Veteran totally disabled as a result of prostate cancer and PTSD.
Result: Service connection for prostate cancer and PTSD.
The veteran served in Vietnam where he was exposed to combat situations as well as other horrifying events. In the years following service he tried to deal with the anxiety and stress associated with his Vietnam experiences. Eventually he turned to alcohol and drugs to cope with what he was feeling. The problems ultimately cost him his marriage and his life began to fall apart. He was later diagnosed with PTSD.
As if his psychiatric problems were not bad enough, the veteran was then diagnosed with prostate cancer. As a result, he filed claims for his prostate cancer and PTSD.
The VA denied him both claims. With respect to the prostate cancer, the VA’s denial of the claim was even more bizarre. After all, he had been in Vietnam and was presumed to have been exposed to Agent Orange. And prostate cancer is associated with Agent Orange exposure. As for the PTSD, the VA kept denying him saying that he did not have PTSD.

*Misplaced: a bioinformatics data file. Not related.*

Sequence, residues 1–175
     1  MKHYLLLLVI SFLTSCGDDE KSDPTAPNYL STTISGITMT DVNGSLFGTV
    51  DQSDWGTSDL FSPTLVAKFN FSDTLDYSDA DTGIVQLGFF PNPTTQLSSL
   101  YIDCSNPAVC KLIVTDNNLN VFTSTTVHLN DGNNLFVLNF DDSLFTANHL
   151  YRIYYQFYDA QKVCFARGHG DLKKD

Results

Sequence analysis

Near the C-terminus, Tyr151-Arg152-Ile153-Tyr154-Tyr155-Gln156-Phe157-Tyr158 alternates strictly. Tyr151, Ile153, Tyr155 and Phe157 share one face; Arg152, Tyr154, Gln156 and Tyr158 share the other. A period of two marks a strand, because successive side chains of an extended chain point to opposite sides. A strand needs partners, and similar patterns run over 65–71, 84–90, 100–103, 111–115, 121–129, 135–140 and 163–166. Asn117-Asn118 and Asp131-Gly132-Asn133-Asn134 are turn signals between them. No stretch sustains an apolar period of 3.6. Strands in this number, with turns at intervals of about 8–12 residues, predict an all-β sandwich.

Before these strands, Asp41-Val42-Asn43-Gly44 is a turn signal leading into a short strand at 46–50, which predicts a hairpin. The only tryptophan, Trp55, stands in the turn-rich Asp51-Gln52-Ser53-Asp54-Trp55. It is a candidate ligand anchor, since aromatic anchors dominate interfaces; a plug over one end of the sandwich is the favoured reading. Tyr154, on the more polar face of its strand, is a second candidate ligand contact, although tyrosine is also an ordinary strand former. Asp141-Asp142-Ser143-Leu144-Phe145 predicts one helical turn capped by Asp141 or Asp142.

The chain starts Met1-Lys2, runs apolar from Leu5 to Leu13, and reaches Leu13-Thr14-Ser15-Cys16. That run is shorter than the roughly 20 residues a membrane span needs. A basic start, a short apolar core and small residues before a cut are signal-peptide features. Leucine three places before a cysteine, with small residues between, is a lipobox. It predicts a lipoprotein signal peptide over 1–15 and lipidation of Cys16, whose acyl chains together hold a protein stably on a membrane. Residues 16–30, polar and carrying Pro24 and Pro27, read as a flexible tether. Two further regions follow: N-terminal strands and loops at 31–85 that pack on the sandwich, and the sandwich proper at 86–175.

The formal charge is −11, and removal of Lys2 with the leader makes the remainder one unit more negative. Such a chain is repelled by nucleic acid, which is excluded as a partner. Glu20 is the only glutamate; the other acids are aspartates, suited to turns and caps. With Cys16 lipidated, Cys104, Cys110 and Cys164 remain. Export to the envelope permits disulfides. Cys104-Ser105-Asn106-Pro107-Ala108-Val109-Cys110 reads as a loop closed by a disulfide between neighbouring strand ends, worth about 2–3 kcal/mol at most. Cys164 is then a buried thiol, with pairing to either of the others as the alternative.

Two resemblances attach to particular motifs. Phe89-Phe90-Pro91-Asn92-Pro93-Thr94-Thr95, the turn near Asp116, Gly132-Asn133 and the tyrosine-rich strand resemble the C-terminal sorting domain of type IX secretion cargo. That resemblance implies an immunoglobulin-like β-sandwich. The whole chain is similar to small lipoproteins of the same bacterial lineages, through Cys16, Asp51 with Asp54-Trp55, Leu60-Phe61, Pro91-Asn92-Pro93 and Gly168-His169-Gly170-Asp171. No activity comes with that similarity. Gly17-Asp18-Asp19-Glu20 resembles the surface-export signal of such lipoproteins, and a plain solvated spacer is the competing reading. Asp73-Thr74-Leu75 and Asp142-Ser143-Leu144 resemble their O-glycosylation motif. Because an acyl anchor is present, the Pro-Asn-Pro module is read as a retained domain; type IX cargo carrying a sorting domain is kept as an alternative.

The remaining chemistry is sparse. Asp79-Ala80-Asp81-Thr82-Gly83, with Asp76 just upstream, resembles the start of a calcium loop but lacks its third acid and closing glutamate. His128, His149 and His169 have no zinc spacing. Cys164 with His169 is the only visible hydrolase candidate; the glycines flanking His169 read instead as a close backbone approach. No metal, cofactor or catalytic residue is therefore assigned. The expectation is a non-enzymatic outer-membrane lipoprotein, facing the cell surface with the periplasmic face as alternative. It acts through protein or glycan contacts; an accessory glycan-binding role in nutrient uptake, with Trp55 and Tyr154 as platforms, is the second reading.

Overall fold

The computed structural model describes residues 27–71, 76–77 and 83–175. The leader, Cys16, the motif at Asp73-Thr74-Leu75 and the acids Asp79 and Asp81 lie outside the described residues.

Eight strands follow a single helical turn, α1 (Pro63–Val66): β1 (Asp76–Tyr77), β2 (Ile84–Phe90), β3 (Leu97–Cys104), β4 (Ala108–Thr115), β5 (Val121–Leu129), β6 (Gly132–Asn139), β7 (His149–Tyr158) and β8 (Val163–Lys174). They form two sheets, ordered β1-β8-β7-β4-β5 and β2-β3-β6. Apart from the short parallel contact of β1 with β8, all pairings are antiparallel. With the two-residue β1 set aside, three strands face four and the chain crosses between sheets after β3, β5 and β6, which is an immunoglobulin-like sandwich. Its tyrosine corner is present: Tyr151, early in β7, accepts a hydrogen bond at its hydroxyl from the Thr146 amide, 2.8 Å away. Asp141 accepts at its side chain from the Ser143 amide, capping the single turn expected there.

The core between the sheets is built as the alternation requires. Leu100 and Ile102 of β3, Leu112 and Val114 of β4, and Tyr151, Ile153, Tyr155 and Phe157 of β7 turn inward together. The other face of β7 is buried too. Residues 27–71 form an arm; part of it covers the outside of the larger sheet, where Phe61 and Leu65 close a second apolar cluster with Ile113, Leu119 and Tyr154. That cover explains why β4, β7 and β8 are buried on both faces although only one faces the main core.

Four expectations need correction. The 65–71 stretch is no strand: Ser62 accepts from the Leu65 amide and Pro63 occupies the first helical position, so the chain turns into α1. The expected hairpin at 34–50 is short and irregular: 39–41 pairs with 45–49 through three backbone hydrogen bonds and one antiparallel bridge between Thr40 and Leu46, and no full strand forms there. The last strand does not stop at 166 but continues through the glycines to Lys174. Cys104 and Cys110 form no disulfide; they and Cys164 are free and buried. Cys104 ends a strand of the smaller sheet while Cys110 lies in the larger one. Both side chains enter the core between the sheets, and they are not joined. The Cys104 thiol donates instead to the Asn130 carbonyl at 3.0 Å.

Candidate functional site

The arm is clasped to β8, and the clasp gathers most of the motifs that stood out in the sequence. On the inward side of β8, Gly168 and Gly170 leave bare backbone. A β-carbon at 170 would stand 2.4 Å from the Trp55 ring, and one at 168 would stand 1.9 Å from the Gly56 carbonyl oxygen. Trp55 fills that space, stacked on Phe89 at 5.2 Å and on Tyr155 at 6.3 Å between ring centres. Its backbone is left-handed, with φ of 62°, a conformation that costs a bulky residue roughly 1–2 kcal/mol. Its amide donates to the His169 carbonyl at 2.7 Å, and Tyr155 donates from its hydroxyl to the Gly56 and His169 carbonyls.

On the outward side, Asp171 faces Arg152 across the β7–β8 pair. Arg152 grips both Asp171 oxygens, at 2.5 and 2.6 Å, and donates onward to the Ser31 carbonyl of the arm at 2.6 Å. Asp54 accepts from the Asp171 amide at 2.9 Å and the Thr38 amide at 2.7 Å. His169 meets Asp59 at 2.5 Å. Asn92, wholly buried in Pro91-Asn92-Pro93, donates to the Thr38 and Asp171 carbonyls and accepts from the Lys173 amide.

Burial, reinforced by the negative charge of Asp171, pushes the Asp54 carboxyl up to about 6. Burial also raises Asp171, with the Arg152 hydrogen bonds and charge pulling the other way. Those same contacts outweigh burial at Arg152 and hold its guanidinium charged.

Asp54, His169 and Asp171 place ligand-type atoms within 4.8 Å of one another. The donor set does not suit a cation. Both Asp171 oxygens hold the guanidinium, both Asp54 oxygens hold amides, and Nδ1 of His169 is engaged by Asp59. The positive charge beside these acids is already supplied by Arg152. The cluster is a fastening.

After many years of appealing and being denied, the veteran finally contacted our office. We successfully obtained a remand of his claims at the U.S. Court of Appeals for Veterans Claims. The case then went back to the Board.
We got to work in developing his claim. We sent the veteran to a psychologist who specialized in forensic psychology. The psychologist determined that the veteran did have PTSD due to his Vietnam experiences. However, there was no evidence in the file to corroborate a specific PTSD stressor. But we noticed that his service medical records documented depression or nervousness symptoms in service. Based on this, the psychologist was able to determine that the veteran’s PTSD began during service. We also submitted evidence confirming that the veteran did in fact have prostate cancer.
The Board then made a decision granting service connection for prostate cancer and PTSD. The case was returned to the regional office where a 100 percent rating was assigned.